The Gilt of the Sun: Louis XIV

A Baroque Paper Doll by David Claudon



King Louis XIV, the Sun King (1638-1715), ruled France at the same time of his English counterpart, Charles II. He began his 72-year reign at the age of 5 upon the death of his father. However, it was not until the age of 22 in 1661 that he assumed control of the country. One of his most notable contributions was the extensive renovation to his hunting lodge at Versailles, which began about 1668. Eventually the estate included extensive gardens, lakes, fountains, statuary, buildings--even a zoo.

During his reign Louis was patron to the arts: theatre (Moliere and Racine), music (Lully), sculpture (Girardon and Coysevox), painting (LeBrun and Rigaud), tapestries (LeBrun), architecture, and the sciences.

For an extensive listing of paintings of Louis XIV, check here.




The figure of the king at left is based on a portrait created by Charles Le Brun, approximately 1660 and the costume is suggested from one of LeBrun's Gobelin tapestries, dealing with the life of Louis, Louis XIV visiting the Gobelins Manufactory, (dated approximately 1729).

Louis' armor is based on a 1668 painting.


Seen in the background is tapesty by LeBrun from Gobelins, showing Versailles.








The Sun King and Ballet

Louis XIV and the French Influence describes the beginning of Louis' facination with the image of Apollo, god of the sun:

When Louis XIV was crowned his interest in dancing was strongly supported and encouraged by Italian-born Cardinal Mazarin, (formerly Mazarini), who assisted Louis XIV. The young king made his ballet debut as a boy, but it was in 1653 as a teenager that he accomplished his most memorable feat as a dancer. He performed a series of dances in Le Ballet de la Nuit and for his final piece he appeared as Apollo, god of the sun. Wearing a fancy golden Roman-cut corselet and a kilt of golden rays he came to be known as the Sun King.

The sun's ray are worn on his head, around his neck and waist. Apollo's face appears on his corselet. For the costume, Louis wore a special blonde wig.

Louis established the Académie Royale de Dance in 1661 in Paris

At the right, in another intrepretation of the Apollo costume, Louis wears a skirt and long waisted tunic with sun motif, ribbons and flowers, while carrying the symbol of Apollo, the lyre.

A typical ballet costume from the 1660s is shown here.




Continuing the Mythology of Apollo

Louis apparently loved paintings with mythological themes.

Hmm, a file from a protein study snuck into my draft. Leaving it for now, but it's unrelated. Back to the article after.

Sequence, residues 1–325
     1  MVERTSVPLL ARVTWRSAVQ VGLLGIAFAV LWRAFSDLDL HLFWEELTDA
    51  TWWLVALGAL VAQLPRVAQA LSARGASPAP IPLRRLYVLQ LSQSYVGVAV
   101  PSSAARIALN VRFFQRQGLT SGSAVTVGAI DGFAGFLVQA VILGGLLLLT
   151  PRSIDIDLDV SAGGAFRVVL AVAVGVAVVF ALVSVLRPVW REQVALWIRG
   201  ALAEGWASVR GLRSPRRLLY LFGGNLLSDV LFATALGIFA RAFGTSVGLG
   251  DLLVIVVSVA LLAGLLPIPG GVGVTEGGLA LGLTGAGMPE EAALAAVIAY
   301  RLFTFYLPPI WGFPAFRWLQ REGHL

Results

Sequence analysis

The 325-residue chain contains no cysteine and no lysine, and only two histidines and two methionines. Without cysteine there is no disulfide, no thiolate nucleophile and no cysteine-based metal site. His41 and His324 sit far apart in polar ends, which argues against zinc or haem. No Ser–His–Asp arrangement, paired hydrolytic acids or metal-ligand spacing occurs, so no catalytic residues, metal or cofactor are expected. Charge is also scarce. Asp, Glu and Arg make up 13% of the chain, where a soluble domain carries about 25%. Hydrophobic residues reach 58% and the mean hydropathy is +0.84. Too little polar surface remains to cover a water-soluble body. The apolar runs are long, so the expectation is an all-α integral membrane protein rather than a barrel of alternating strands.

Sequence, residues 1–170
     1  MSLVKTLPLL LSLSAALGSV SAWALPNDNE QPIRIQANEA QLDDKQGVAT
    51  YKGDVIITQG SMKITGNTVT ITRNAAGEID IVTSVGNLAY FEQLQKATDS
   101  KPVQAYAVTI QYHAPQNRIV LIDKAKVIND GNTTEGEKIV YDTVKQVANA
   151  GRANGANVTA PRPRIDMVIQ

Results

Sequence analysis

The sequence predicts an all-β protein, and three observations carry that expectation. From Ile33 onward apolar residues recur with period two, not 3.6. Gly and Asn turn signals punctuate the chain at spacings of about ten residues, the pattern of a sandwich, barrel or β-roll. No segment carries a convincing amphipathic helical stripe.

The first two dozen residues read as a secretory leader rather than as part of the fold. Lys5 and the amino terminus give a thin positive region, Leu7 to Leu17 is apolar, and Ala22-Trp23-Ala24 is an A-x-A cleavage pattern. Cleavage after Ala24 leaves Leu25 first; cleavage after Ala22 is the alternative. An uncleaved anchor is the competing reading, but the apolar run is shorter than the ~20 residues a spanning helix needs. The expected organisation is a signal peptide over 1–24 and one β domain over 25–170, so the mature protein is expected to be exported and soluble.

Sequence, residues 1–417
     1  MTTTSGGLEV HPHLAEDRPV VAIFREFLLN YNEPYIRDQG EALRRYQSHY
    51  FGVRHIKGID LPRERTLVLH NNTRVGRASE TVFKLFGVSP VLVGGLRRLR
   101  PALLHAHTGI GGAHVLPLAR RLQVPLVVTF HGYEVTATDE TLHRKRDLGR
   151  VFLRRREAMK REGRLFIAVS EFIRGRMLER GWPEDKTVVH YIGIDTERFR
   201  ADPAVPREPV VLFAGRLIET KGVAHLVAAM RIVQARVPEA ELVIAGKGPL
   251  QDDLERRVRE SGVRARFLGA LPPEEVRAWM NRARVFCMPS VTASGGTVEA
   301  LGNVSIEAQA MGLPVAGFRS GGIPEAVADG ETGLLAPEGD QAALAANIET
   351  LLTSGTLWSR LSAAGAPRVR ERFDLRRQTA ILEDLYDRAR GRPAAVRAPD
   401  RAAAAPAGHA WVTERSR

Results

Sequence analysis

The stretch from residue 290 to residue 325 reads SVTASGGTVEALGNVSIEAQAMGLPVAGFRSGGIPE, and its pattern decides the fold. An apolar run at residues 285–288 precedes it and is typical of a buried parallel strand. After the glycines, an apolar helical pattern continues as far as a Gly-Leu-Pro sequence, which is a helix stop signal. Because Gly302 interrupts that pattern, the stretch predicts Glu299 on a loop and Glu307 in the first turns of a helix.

In 1670, painter Jean Nocret painted Louis and his family as Olympian gods. Louis, wears a sun-gold gown open to the waist and crowned with a laurel wreath, symbol of Apollo.

The right costume derives from a 1678 painting shows Louis dressed as a Roman emperor.




The Ultimate Sun King

In 1701, Hyacinethe Rigand painted what has become the ultimate icon of the 62 year-old pleasure-loving king in his coronation robes. He wears white trunk hose from the previous time-period, an ermine lined robe of blue velvet with gold fleurs-de-lis of the house of Bourbon. At his side is the sword of Charlemagne. On his chest he wears the chains of the Order of the Holy Ghost and the Golden Fleece.

The painting was intended as a gift for his grandson who had just become Philip V of Spain, but the king was so taken with the portrait he commissioned a second version. Both versions ultimately remained in France.




Queen Marie-Therese and the Grand Dauphin

Louis married Queen Marie-Therese was the daughter of King Phillip of Spain in 1660.

Here Marie-Therese is shown in approximately 1666 with The
Grand Dauphin, Louis de Viennois (1661-1711), who predeceased his father before being able to inherit the throne. She wears an elaborately bejeweled black and white bodice and hoop underskirt. The black and white patterned overskirt with train has a brocade lining. Feathered picadils (tabs) adorn the sleeves and bodice. On her blonde hair she wears a similarly bejeweled cap with pearls and veil. She carries a black mask (often worn by upperclass women of the period). The Grand Dauphin






  During Louis XVI's rule, Moliere was writing some of his best work in Paris and Samuel Pepys was keeping a diary of Restoration England. To learn more click on the pictures.  





This page was created by C. David Claudon, September 15, 2006. Last update September 15, 2006 .

To obtain these prints at 300 dpi, contact me

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